Woody, Swindon – 5 June 2014

Following on from your 'Premier League winners who've been relegated' question, has anyone got a Premiership and Championship winners medal?

The Gaffer says:

Yes they have Woody. Quite a few, in fact! The following have all won a Premier League winner's medal. I have listed in each case the club and year in which they also won a Championship/old Second Division winner's medal: Nicky Butt (Newcastle 2009/10), Andy Cole (Newcastle 1992/93), Steve Bruce (Norwich 1985/86), Teddy Sheringham (Millwall 1987/88), Dwight Yorke (Sunderland 2006/07), Bryan Robson (Middlesbrough 1994/95 - as player/manager), Lous Saha (Fulham 2000/01), Tim Sherwood (Portsmouth 2002/03), Paul Warhurst (Oldham 1990/91), Luis Boa Morte (Fulham 2000/01), Shaun Wright-Phillips (Man City 2001/02), Clayton Blackmore (Middlesbrough 1994/95), Mike Phelan (Norwich 1985/86 - he also has a Div 3 medal with Burnley in 1981/82) and Alan Smith (Newcastle 2009/10).

Paul Eastwood, UK – 9 December 2010

Name the footballer who has scored a goal in the top flight in the 60s, 70s, 80s and 90s?

The Gaffer says:

Roy Race, from Roy of the Rovers. Next!

Aaron, Leeds – 14 February 2011

Which is the biggest stadium in the world?

The Gaffer says:

May Day Stadium

The Rungrado May Day Stadium in North Korea can seat 150,000, making it the largest non-racing stadium capacity in the world. The Maracana in Rio seats 88,992, but reputedly housed a whopping 199,854 spectators for the 1950 World Cup final.

Taffy, UK – 9 December 2010

Is it true that West Auckland in County Durham won the first World Cup?

The Gaffer says:

West Auckland were the winners of the Sir Thomas Lipton Trophy, one of the first international footballing competitions, in its two initial years (1909 and 1911). It is sometimes referred to as 'The First World Cup' but is predated by the Torneo Internazionale Stampa Sportiva, which was hosted in 1908, as the first international competition.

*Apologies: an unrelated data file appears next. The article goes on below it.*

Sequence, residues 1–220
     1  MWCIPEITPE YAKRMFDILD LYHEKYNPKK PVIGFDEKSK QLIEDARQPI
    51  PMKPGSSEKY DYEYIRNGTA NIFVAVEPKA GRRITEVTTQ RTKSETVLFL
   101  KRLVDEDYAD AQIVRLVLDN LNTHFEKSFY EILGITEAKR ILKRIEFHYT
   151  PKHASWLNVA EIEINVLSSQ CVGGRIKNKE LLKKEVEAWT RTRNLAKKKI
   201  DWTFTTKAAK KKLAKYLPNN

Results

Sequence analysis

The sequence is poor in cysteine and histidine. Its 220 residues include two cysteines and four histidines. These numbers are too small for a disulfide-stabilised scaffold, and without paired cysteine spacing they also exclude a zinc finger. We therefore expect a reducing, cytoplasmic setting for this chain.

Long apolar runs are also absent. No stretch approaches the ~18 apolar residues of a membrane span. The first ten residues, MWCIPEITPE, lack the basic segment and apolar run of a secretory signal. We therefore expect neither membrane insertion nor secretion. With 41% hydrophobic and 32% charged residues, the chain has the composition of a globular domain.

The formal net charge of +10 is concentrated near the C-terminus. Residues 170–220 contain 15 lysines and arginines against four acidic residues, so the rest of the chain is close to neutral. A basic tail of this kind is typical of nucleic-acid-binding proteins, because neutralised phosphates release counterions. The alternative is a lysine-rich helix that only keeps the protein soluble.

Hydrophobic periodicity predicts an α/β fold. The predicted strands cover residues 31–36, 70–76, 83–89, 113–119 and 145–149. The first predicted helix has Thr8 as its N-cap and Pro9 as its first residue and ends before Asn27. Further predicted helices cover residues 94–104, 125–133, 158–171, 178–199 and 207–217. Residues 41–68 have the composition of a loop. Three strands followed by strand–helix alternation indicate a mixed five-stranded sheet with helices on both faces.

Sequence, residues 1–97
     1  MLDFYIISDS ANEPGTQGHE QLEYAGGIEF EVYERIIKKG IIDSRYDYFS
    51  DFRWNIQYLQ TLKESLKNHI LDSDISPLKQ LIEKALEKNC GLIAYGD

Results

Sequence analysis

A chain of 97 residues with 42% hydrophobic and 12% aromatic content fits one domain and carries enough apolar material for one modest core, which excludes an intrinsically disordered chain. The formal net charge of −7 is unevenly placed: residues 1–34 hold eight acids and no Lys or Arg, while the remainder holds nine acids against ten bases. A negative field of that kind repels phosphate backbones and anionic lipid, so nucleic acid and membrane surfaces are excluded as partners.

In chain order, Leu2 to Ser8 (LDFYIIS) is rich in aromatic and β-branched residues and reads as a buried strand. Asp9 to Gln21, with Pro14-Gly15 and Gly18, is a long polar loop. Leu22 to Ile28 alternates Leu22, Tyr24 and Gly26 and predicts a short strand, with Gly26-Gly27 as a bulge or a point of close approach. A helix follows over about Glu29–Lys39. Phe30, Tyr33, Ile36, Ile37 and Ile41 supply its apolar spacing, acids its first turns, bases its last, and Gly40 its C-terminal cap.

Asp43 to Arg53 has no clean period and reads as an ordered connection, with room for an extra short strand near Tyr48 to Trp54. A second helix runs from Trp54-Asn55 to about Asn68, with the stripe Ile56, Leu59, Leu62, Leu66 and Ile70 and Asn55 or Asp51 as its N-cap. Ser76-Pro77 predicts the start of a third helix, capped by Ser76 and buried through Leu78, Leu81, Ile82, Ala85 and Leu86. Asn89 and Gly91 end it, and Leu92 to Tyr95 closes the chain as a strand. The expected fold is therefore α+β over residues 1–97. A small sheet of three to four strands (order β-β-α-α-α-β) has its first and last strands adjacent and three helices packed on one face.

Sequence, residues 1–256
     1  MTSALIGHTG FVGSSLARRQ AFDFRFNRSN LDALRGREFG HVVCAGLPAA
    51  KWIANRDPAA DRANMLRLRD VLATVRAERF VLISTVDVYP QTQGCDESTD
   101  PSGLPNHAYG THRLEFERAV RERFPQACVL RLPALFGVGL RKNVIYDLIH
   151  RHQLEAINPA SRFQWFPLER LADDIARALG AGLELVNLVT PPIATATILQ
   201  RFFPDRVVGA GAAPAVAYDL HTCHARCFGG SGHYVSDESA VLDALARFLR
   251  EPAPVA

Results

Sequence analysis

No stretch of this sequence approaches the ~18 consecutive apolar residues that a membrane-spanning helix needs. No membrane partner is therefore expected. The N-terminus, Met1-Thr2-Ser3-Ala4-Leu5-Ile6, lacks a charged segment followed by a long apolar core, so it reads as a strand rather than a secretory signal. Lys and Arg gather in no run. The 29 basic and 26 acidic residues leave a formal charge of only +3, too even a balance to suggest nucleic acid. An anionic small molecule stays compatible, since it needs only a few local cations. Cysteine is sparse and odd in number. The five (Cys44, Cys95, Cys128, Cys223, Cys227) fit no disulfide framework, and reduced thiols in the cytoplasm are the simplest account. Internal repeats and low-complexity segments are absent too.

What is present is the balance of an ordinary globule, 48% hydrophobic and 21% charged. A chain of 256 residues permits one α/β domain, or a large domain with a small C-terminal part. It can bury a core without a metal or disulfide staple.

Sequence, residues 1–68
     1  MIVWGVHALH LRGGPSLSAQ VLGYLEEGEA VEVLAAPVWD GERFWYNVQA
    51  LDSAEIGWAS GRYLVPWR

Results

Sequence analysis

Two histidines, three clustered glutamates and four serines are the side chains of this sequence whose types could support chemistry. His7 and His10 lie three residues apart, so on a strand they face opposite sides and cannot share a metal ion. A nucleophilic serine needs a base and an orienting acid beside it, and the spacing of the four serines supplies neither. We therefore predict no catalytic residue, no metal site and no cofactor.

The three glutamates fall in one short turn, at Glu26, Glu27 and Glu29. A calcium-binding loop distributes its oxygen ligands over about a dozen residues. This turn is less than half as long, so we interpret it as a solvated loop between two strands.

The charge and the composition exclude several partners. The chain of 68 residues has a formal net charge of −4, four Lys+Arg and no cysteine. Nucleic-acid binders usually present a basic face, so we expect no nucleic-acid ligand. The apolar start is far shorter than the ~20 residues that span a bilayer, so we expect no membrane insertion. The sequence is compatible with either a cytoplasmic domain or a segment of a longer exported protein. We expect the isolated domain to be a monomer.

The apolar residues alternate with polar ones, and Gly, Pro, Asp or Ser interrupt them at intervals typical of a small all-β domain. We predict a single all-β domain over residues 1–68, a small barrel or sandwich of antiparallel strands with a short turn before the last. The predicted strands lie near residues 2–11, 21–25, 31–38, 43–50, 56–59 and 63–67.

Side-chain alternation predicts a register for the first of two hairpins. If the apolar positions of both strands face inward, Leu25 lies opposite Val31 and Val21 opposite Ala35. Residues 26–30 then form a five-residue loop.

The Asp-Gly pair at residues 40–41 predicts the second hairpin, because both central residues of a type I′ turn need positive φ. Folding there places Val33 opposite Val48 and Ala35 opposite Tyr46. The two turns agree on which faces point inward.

Nick, Weymouth – 9 December 2010

Can you tell me the players and scorers in the first FA Cup final?

The Gaffer says:

Wanderers beat the Royal Engineers 1-0 in the first FA Cup final at The Oval in 1872. The goal was scored by Betts, who strangely played under the pseudonym 'A H Chequer'. The full Wanderers line-up was: Welch, Alcock, Betts, Bonsor, Bowen, Crake, Hooman, Lubbock, Thompson, Vidal, Wollaston. The Royal Engineers' team was Marindin, Merriman, Addison; Creswell, Mitchell, Renny-Tailyour; Rich, Goodwyn, Muirhead, Cotter, Bogle.

Simon, Matlock – 9 December 2010

Which team won the FA Cup and never scored?

The Gaffer says:

This is a double trick question. You probably expect the answer to be The Royal Engineers, because Willie Never supposedly scored for them in the FA Cup final. However it's not true, as The Royal Engineers have not had a player called Never on their books at any point and he certainly didn't score in their 1875 triumph. Their team that day was Capt William Merriman, Lieut George Sim, Lieut Gerald Onslow, Lieut Richard Ruck, Lieut Pelham von Donop, Lieut Charles Wood, Lieut Herbert Rawson, Lieut William Stafford, Capt Henry Renny-Tailyour, Lieut Cecil Wingfield-Stratford, Lieut Alexander Mein. Old Etonians are also given as the answer in some cases, but Never has never (excuse the pun) represented them either.